Systematic sampling vs stratified sampling

In stratified sampling, the overall population is divided into subgroups, called strata, with similar attributes like gender, income level, education level, and so on. This approach ensures that each segment of a population is properly represented within the sample. Systematic sampling can be more efficient and cost-effective than stratified sampling because it only requires a limited selection of the total population being sampled.

Systematic sampling vs cluster sampling

Cluster sampling is when a population is divided into groups, known as clusters, with entire groups as part of the sample. For example, a cluster might be made up of all 12th grade math classes in a high school. With systematic sampling, researchers would choose students individually, according to fixed intervals. Systematic sampling is more useful when researchers know the entire population from the outset, while cluster sampling is more effective when there are different subsets within a specific population.

How can Jotform help with systematic sampling?

Systematic sampling is one of several data collection sampling methods. Using our employee satisfaction example from earlier, let’s say you’ve determined your desired sample size is 500 out of a total of 5,000 employees. To gather employee satisfaction feedback from this sample, you select every 10th person from the original list of 5,000 to send your survey to, which will net you a representative sample of employee attitudes.

With Jotform, you can easily build engaging surveys from scratch or use one of our premade survey templates. With over 1,000 premade survey templates to choose from, you can easily find one that fits your specific needs. Once you choose your survey template, use the Jotform builder to design, format, and customize a professional, user-friendly survey for your audience, completely code-free.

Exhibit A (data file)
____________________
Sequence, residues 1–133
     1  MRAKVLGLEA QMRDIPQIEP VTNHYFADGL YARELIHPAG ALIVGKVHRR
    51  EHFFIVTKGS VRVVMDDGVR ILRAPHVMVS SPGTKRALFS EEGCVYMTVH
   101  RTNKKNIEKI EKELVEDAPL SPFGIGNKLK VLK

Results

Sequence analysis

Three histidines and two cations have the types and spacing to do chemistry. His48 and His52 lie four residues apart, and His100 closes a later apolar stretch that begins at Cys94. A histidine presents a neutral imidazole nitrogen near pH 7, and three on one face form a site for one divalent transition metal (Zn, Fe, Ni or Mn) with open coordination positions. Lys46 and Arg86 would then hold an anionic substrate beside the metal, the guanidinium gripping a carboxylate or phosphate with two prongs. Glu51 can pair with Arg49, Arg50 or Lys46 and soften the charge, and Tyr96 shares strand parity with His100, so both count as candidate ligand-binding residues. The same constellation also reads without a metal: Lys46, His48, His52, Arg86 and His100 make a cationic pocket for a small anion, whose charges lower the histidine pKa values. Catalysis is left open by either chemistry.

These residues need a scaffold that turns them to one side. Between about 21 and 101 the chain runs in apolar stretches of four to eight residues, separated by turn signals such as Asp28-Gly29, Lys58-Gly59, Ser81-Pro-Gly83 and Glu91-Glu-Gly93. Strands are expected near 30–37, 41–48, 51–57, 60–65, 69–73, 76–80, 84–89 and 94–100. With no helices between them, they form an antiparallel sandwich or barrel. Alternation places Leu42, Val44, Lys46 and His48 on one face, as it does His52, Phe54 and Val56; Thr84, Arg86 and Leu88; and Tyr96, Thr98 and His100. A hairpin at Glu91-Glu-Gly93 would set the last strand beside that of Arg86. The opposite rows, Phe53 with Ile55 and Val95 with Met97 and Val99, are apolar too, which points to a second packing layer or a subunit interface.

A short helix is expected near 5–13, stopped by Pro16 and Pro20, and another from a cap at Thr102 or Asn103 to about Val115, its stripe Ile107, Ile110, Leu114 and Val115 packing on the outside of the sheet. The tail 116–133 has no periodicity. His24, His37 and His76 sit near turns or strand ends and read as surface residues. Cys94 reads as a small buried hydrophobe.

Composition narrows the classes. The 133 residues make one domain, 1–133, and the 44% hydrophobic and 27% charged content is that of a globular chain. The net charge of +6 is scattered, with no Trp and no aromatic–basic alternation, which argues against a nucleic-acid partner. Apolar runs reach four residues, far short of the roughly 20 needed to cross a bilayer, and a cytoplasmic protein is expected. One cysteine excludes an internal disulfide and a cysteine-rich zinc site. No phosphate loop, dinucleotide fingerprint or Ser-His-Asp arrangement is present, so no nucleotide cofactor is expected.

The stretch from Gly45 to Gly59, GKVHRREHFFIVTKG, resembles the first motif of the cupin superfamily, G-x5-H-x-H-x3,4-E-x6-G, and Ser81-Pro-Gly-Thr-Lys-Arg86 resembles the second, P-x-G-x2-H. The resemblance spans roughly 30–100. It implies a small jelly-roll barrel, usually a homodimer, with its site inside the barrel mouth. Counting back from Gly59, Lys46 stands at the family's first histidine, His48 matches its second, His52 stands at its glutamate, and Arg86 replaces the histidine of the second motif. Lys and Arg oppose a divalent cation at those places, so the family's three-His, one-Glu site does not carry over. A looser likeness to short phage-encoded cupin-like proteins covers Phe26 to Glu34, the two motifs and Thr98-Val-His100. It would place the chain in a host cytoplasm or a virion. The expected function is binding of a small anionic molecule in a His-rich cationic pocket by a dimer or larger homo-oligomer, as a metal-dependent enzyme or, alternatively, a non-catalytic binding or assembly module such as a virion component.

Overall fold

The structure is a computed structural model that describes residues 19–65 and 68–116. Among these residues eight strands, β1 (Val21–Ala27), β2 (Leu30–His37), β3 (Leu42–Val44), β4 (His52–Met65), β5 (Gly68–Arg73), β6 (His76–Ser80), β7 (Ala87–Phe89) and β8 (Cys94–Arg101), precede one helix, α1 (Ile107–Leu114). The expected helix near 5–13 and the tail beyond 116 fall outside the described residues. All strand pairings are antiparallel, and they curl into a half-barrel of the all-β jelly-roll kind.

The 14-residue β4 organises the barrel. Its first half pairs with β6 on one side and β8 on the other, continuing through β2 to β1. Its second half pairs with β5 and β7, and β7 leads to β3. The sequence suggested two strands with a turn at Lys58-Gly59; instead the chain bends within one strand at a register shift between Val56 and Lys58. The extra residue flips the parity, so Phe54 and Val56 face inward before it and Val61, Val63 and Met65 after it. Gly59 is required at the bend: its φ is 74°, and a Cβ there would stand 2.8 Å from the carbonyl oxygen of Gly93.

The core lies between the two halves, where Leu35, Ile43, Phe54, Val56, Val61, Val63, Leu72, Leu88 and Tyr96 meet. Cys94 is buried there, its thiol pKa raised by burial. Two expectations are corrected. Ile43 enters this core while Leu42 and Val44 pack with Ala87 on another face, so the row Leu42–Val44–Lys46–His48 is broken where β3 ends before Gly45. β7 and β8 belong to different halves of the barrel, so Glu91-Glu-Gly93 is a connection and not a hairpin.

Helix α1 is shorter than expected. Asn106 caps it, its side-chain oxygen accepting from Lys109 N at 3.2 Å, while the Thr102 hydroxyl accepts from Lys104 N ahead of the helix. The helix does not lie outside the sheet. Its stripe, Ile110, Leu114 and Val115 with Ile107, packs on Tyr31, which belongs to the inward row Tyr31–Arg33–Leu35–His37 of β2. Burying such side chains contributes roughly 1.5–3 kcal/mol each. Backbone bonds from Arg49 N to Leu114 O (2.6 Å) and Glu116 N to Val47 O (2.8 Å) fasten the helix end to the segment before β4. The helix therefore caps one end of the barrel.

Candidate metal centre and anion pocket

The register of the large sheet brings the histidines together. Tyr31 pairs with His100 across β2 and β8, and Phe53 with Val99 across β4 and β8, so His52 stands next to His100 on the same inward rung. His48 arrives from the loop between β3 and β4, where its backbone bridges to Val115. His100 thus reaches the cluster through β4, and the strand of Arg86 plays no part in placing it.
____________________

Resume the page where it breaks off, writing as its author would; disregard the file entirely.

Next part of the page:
You’ll also be able to share, collect, and analyze your survey results with our free online survey maker. Use the drag-and-drop functionality, add your own questions, set up conditional logic, and share your custom survey with your selected sample to start collecting responses instantly. All the responses are automatically recorded in Jotform Tables, our spreadsheet-database tool, for easy analysis.

Systematic sampling can be more efficient and cost-effective than other methods, and it’s the preferred way to gather accurate data when you have a large population. Jotform’s free resources make it easy to get started today.

Photo by freestocks on Unsplash

Kimberly Houston is a conversion-focused marketing copywriter. She loves helping established creative service providers attract and convert their ideal clients with personality-driven web and email copy, so they can stand out online, and get more business, bookings, and sales.